Institute Blog
Jumping Into Social Development

Jumping Into Social Development

by Bria Bloom, Educator, Hilltop Children’s Center


The sound of kids playing echoed through the classroom one morning. I turned to see what had made the noise; a kid had jumped from the shelf onto the stage. Other kids turned their heads at the sound of the jump and, knowing that this was a safe place to jump, joined the game. Kids clambered on top of the shelf, watching, waiting, and finally taking their turn to jump.

I watched carefully, and knowing the difficulties of navigating this type of game safely, I gave them reminders such as, “It’s Bee’s turn now, please wait,” and, “please come off of the stage, kids are waiting for their turn to jump.”Bria 1

With every reminder, I contemplated why I was giving it. Had the kids shown me they needed these reminders? Had anyone jumped into someone else, because they were unable to wait until the stage was clear before launching off the shelf? Did I assume they couldn’t handle the many levels of awareness involved in this play, or did I witness something that showed me that they couldn’t?

I held back the next reminder, to see what would happen if I kept my voice out of their game. I watched kids weave in and out of the game. With all of the activity, negotiation of space, and volume level of the game going on I thought a conflict might occur. However, it didn’t.

Young kids love to jump, and jumping includes all the benefits of physical play.  It is good for the developing body and good for the developing brain.

As we delve deep into the world of jumping, we find that there are a lot of challenges and questions for the children to address in group jumping. There are physical challenges: How can I be safe while I’m jumping? How can I jump the highest? Should I bend my knees more? Should I jump from higher up?

There are logical challenges: What objects in this room can I jump off? How can I arrange things to make the landing safer? Should I put down pillows or mats, or can I jump onto grass and still be safe? What about gravel, is that safe to land on?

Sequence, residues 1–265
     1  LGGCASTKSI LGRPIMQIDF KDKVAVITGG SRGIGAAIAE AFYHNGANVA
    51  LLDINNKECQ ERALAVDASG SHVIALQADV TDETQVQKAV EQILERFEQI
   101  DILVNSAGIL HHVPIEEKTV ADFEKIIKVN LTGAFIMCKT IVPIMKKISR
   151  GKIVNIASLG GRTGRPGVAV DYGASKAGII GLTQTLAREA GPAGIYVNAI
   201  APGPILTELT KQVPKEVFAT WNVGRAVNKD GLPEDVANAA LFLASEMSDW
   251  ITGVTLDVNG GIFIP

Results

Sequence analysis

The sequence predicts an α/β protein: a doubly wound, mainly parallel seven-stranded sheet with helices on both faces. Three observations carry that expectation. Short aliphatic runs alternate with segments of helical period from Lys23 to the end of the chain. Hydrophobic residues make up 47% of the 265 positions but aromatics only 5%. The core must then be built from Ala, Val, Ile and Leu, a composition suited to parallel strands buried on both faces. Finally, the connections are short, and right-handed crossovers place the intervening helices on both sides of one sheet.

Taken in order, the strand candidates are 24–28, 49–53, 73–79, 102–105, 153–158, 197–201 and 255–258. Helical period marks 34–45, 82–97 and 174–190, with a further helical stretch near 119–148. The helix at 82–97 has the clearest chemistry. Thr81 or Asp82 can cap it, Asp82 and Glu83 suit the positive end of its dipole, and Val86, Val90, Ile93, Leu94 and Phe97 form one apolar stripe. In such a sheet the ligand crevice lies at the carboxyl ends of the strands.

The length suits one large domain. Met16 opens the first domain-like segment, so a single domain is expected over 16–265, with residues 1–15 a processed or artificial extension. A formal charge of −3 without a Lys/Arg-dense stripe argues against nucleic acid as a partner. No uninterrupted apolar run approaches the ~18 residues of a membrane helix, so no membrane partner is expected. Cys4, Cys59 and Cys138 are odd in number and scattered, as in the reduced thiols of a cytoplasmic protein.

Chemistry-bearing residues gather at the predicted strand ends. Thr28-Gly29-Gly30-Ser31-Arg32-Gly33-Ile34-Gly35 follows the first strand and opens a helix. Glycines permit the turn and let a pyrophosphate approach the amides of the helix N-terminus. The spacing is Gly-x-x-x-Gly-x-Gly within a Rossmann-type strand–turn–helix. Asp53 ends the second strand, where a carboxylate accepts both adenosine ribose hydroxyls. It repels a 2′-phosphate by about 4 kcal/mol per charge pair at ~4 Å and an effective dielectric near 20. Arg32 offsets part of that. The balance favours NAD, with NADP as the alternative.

There are social challenges: What if I want to use this couch to jump from, but someone else is using it? Should I ask them to move, take turns, or push them out of the way? What if I want to jump RIGHT NOW, and it’s not my turn? What if other kids are taking up all the space, or there is someone in my jumping path? What if someone jumps on top of me?

There are also a lot of challenges and questions for the teachers to consider:

  • How can we make sure the children are staying safe?
  • Will this cause a conflict?
  • How do we support the children in navigating all these situations?

As they played this game, all of these, and more, were possible challenges. Some of these challenges they navigated, gracefully, and others didn’t even arise. While 535 highly-paid members of our U.S. Legislature can barely co-exist within their luxurious surroundings, this group of three-year-olds, using primarily non-verbal communication, negotiate a limited space well enough to avoid hurting each other while having a great time. When we as teachers create the space and support for children to take risks, we empower them to take ownership of their learning experiences and to take care of one another through physical play.


[author] [author_image timthumb=’on’][/author_image] [author_info]Bria Bloom is an educator with 2- and 3-year-olds at Hilltop Children’s Center, where she has worked since 2012.[/author_info] [/author]

2 thoughts on “Jumping Into Social Development

    • Author gravatar

      This is a thoughtful and provocative article, Bria. Such an important reminder to support children’s movement and encourage them to take physical risks, but also to trust in their capabilities! I liked how you embedded additional article links to support your argument, too. Here’s a quote I pulled from the article you included about the developing brain: “Scientists now believe that to achieve the precision of the mature brain, stimulation in the form of movement and sensory experiences during the early developing years is necessary”

    • Author gravatar

      Thanks for this, Bria. I, like you, often have to bite my tongue and “tolerate” a higher level of both noise and movement because I know it’s worth it. How can I keep going with this to re-train my brain? How can I push back on the [calm + quiet = quality education] equation that’s so ingrained? It’s a daily effort, and one that is sometimes met with conflict from colleagues and parents. I think you captured the situation with your final statement: “When we as teachers create the space and support for children to take risks, we empower them to take ownership of their learning experiences and to take care of one another through physical play.” Yes! More of this! Let’s set the stage (no pun intended) for this necessary active play.

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